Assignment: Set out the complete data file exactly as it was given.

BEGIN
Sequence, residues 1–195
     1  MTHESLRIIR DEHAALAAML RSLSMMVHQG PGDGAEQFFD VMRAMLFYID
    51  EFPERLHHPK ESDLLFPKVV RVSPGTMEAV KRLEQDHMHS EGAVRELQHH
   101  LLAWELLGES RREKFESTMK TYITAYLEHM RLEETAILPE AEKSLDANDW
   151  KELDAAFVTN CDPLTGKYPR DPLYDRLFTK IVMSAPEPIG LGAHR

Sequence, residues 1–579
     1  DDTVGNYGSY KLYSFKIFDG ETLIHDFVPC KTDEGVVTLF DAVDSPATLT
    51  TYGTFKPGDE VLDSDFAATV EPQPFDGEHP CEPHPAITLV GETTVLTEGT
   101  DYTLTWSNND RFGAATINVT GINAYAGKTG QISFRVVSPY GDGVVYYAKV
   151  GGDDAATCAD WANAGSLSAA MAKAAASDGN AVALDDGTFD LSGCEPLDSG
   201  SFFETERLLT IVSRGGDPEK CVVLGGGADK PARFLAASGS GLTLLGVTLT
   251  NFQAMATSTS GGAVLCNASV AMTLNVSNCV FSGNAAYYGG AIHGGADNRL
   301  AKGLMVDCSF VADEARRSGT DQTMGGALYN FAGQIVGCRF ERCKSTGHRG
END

Sequence, residues 1–195
     1  MTHESLRIIR DEHAALAAML RSLSMMVHQG PGDGAEQFFD VMRAMLFYID
    51  EFPERLHHPK ESDLLFPKVV RVSPGTMEAV KRLEQDHMHS EGAVRELQHH
   101  LLAWELLGES RREKFESTMK TYITAYLEHM RLEETAILPE AEKSLDANDW
   151  KELDAAFVTN CDPLTGKYPR DPLYDRLFTK IVMSAPEPIG LGAHR

Sequence, residues 1–579
     1  DDTVGNYGSY KLYSFKIFDG ETLIHDFVPC KTDEGVVTLF DAVDSPATLT
    51  TYGTFKPGDE VLDSDFAATV EPQPFDGEHP CEPHPAITLV GETTVLTEGT
   101  DYTLTWSNND RFGAATINVT GINAYAGKTG QISFRVVSPY GDGVVYYAKV
   151  GGDDAATCAD WANAGSLSAA MAKAAASDGN AVALDDGTFD LSGCEPLDSG
   201  SFFETERLLT IVSRGGDPEK CVVLGGGADK PARFLAASGS GLTLLGVTLT
   251  NFQAMATSTS GGAVLCNASV AMTLNVSNCV FSGNAAYYGG AIHGGADNRL
   301  AKGLMVDCSF VADEARRSGT DQTMGGALYN FAGQIVGCRF ERCKSTGHRG